K2 query and what it does ....

Posted , 4 users are following.

i posted some days ago about K2 and indigestion - thanks for your replies and happy to report it must have been a coincidence as I've had no trouble since!

However, I do have another query for anyone out there who's done in depth research .... do K2 supplements replace calcium supplements or enhance its effectiveness when combined with them. Also, I understand K2 is beneficial in preventing calcium build up - in the arteries, heart etc ? Am I right? If so, does it just help prevent build up from the onset of taking it or chip away and dissolve pre-existing calcium build up which has possibly already been created?

10 out 10 for any answers with this one! Thanks !

0 likes, 6 replies

6 Replies

  • Posted

    I suggest you get a copy of the book Vitamin K2 and The Calcium Paradox : by Kate Rheaume-Bleue. This explains the relationship between Calcium, Vit D3 and Vit A. Best option is for you to get in depth information from her book, then discuss specific points on this forum. Essentially Calcium plus a few other minerals build bones, Vit D3 is a carrier for Calcium, Vit K2 ensures it ends up in the bones and not in the arteries or kidneys. So its not a replacement, but is required as part of interaction between Vit A, Ca, Vit D3, plus a few others, and it also means that increasing your intake of one will increase utilisation of others and possibly upset the balance, so its important to look at the big picture. K2 is found in natto, fermented soybeans, in very high quantities and in far lower quantities in other things. Natto is K2 MK4 type, while others are MK7. These are not major details, recommended dosages are poorly defined for K2, better defined for the rest. Be careful of going overboard on K2, suggest you read around, the book is on Amazon and the reviews also give useful perspective. Then work out what your current levels of D3 etc and decide dosages.

    • Posted

      Ah - thanks for that! I remember that book being published a few years ago but couldn't remember the title or author. Just found it on kindle for £1.24 so have bought it. That should shut me up with info. 10/10 for help with this one - thanks!

    • Posted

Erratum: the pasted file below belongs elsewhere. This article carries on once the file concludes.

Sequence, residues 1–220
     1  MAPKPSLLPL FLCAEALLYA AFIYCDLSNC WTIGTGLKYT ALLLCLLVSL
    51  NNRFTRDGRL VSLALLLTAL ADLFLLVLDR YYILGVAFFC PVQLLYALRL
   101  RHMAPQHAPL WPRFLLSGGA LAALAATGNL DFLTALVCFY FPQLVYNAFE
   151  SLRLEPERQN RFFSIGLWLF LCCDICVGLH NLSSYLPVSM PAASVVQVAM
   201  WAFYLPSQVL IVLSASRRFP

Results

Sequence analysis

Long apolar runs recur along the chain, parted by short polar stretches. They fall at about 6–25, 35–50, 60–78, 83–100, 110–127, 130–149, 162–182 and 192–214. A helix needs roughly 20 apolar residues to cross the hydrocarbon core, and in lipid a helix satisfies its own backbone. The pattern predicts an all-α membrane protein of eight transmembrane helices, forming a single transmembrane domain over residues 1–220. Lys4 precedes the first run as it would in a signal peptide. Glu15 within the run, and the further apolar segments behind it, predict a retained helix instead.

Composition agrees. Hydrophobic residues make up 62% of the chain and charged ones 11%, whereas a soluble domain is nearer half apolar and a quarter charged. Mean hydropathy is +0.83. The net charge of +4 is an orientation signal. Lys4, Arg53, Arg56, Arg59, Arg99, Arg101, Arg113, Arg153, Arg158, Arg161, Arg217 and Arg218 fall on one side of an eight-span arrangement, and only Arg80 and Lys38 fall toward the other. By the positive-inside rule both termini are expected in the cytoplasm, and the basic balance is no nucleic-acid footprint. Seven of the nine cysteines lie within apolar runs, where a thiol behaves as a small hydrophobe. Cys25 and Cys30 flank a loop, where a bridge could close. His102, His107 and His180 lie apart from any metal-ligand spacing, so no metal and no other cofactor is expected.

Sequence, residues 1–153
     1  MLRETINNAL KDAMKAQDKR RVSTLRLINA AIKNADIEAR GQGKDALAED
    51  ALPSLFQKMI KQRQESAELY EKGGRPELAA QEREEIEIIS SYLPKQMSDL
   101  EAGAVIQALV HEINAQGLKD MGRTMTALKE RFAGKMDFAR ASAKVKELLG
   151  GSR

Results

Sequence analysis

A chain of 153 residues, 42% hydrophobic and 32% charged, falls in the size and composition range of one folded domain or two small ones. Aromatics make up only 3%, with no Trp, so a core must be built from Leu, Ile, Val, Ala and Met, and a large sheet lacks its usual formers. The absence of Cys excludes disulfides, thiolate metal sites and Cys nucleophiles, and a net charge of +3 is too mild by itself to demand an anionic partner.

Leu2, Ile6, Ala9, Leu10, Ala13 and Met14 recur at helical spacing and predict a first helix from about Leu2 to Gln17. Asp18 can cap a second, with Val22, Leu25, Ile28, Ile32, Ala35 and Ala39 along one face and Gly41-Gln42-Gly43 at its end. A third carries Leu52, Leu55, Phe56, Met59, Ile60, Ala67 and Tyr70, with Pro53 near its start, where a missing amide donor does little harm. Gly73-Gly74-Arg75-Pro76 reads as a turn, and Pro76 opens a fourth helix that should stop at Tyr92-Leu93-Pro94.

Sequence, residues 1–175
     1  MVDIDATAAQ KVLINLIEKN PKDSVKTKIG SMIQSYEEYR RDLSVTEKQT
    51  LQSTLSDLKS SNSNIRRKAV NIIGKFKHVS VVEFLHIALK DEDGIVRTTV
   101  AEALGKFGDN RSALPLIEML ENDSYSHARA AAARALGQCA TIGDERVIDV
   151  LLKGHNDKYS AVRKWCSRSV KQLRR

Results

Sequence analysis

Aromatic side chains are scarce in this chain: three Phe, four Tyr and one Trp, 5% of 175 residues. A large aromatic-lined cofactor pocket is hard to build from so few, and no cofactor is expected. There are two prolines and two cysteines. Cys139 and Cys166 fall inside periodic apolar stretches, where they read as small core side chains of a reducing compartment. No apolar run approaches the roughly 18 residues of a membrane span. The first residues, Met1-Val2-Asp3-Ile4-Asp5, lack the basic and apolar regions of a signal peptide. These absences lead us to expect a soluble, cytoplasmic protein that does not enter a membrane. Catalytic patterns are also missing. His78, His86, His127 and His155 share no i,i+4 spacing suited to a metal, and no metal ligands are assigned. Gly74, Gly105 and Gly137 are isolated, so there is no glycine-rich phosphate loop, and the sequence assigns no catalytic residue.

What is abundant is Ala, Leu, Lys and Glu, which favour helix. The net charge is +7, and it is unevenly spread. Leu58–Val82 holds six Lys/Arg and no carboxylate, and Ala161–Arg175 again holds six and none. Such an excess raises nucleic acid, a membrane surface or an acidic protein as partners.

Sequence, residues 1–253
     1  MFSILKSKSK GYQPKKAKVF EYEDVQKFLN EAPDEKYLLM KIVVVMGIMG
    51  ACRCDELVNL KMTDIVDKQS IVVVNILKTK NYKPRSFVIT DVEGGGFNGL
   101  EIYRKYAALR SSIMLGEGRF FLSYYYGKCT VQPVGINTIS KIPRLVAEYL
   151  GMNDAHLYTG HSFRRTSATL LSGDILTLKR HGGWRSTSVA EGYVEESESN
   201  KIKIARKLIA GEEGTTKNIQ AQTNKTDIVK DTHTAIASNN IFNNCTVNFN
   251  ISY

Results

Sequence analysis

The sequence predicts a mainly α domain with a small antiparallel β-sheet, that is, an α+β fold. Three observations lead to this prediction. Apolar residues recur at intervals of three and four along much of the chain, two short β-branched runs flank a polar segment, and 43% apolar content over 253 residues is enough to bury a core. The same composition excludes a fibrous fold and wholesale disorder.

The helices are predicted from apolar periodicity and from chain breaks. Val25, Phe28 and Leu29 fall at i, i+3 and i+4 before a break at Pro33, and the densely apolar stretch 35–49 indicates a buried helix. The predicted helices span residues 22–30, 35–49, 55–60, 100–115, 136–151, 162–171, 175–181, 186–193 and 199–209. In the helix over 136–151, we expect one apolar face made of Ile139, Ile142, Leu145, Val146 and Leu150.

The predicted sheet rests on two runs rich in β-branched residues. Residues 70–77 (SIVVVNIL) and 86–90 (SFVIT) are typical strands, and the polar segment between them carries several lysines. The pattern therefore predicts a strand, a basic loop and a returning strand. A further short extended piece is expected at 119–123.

Actually the mk-7 supplements derive from natto. Animal sources, like grassfed dairy, provide mk-4. Apparently some mk-7 is converted by our bodies to mk-4 so if you take mk-7 you are fulfilling your needs for the other form as well.

    • Posted

      Oops sorry, my mistake, thankyou for correcting this. MK7 is from natto and why its all I take because hopefully some is converting to MK4.

  • Edited

    The update on K:

    Remember Vit K interest started when it was noted Japanese women in Japan had less osteoporosis and they ate natto, a food with Vit K2. This study was 14 years ago.

    "A review of evidence that appeared in the August 2019 issue of Osteoporosis International cast doubt on the effects of Vitamin K supplements.

    For post-menopausal or osteoporotic patients, there is no evidence that vitamin K affects bone mineral density or vertebral fractures; it may reduce clinical fractures; however, the evidence is insufficient to confirm this. There are too few trials to draw conclusions for other patient groups.

    The U.S. Food and Drug Administration so far has not authorized health claims on labels for products containing Vitamin K2. Until there is more evidence to support taking supplements, focus on getting a balanced diet in order to get the Vitamin K1 and K2 that your bones need. "

    • Edited

      Thanks for this, and since I first posted I've read the book on Vit k2. However, my main concerns were not so much that the vitamin supplemented calcium but thwarted calcium's tendency (taken as a supplement) to cause calcification deposits arteries and around the heart. To be honest I'm still not much the wiser! Although I agree with, natural healthy food is always the best way of getting good nutrition.

Report or request deletion

Thanks for your help!

We want the community to be a useful resource for our users but it is important to remember that the community are not moderated or reviewed by doctors and so you should not rely on opinions or advice given by other users in respect of any healthcare matters. Always speak to your doctor before acting and in cases of emergency seek appropriate medical assistance immediately. Use of the community is subject to our Terms of Use and Privacy Policy and steps will be taken to remove posts identified as being in breach of those terms.